nursing

Five years ago Kim White started a job at a nursing home in Florida and thought she was on the fast track for a career, but Kim quickly found herself in poverty because her job paid so little.

This reality isn’t unusual for a certified nursing assistant and Kim White was given the false hope that her job would fast track her to nursing school. White said it:

 “was something that I wanted to use as a stepping stone to get into nursing school. But it just always ended up being that it was never enough pay.”

White is just one of many workers whose jobs are becoming high in demand but continually underpaid. A report released by the Paraprofessional Healthcare Institute (PHI) stated that nursing assistant earn around $11.51 an hour, which means that more than 650,000 people in that line of work make less. The national media wage is $17 an hour and nursing assistants’ wages have dropped 7 percent in the last decade.

White says that her $9.40 hour wage has barely risen and by the times taxes are deducted, White doesn’t have enough to live on.

White says:

“When I’m done paying everything each month, I’m down to gas and a couple of dollars for groceries.
To get by, she tries to shop at places that sell nearly expired food for cheap and borrows money from family members when she has to. “When I’m done paying everything each month, I’m down to gas and a couple of dollars for groceries.”

Scheduling is an even bigger problem as less than half of the nursing assistant workforce is a full-time and year-round position. This scheduling issue has caused the average annual income to fall to $19,00 a year, which is under the poverty line for a family of three. Nursing assistants make 47% percent less than a living wage for their geographic regions and nearly a third are forced to rely on public programs like food stamps and Medicaid. This comes in wake of political pressures to reduce social services, even for those who are actively working.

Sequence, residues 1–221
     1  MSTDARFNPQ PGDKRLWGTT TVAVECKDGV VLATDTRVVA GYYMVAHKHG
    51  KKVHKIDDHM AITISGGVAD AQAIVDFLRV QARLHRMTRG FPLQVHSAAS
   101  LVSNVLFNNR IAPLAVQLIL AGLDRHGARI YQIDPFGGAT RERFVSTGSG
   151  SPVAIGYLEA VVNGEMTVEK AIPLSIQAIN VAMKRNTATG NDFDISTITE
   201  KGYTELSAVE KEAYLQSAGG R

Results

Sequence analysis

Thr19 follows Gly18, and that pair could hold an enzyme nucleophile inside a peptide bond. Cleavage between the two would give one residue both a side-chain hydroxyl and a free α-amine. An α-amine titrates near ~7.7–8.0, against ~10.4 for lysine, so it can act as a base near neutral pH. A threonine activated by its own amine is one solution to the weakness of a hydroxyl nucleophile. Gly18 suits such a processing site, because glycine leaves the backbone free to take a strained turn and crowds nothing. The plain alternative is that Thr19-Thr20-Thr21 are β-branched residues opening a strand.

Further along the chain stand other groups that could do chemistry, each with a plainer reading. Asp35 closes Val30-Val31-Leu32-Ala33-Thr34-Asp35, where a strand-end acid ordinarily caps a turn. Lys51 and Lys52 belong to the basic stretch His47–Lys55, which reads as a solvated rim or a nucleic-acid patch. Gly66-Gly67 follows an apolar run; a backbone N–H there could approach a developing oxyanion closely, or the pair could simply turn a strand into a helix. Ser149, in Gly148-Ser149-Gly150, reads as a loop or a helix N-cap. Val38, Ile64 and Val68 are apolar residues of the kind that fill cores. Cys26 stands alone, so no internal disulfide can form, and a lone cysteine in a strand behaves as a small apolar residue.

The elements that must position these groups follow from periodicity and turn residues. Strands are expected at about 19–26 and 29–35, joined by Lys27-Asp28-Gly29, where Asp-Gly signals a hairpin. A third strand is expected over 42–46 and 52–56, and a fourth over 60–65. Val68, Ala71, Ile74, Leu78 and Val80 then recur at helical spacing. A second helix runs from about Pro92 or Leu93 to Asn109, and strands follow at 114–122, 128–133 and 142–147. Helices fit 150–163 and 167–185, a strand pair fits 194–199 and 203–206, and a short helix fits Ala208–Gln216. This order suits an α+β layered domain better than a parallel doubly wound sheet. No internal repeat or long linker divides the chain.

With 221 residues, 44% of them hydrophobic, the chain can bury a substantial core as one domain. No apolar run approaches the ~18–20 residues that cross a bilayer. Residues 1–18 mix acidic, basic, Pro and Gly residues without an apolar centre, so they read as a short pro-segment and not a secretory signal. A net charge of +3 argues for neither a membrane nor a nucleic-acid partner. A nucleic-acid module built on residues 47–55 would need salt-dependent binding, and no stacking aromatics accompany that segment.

This low pay has deeper cultural and societal roots. In fact, 91% nursing assistants are female, the vast majority being African-American women. Described as “women’s work”, sexism and racism have hit workers with a double whammy and supposedly justify poor worker treatment and compensation.

The director of the PHI, Abby Marquand said:

“Caregiving work has been undervalued historically in our country regardless of whether it’s being performed in homes, communities, or nursing homes. A marginalized group of people has always been doing this work [so] there’s been less urgency around improving job quality.”

The work is often called entry-level and seen as easy when in reality nursing assistants are required to carry, bathe, and feed clients while offering them emotional support for their illness.

Training has become even more sparse as employees suffer abuse from superiors and clients, yet employer’s opt to give them a handout or show a video on how to resolve a situation. This lack of training has led to high turnover and now more than 75% of nursing homes fail to meet industry staffing standards created by the federal Centers for Medicare & Medicaid.

Workplace injury is also common among nursing assistants as they suffer over three times as many musculoskeletal injuries than the national average.

Low pay, high injury, rates and lack of training have led to a turnover rate that has forced the industry to replace more than 50% of its workforce every year. In addition, each new employee costs nearly $3,500 to find and then train.

Those challenges come at an awful time as nearly 1.3 million individuals live in a nursing home and as population grows the care rates could increase exponentially. Alzheimer’s and nursing rates are predicated to triple over the next three decades and continue to rise.

Marquand has said that:

“All of these issues are essentially coming to a head. These jobs need to stay competitive to make sure we have enough people to provide care to some of our nation’s most vulnerable.”

Kim White has been struggling to fight for years for nursing homes to pay a living wages, but as political pressures increase to cut social services, her and many others will continue to be subsidized by federal programs. This is a problem that needs to be solved, because cutting social services is not the answer and as Kim White has said:

“We’re tired of asking for cents. Now it’s time to demand dollars.”

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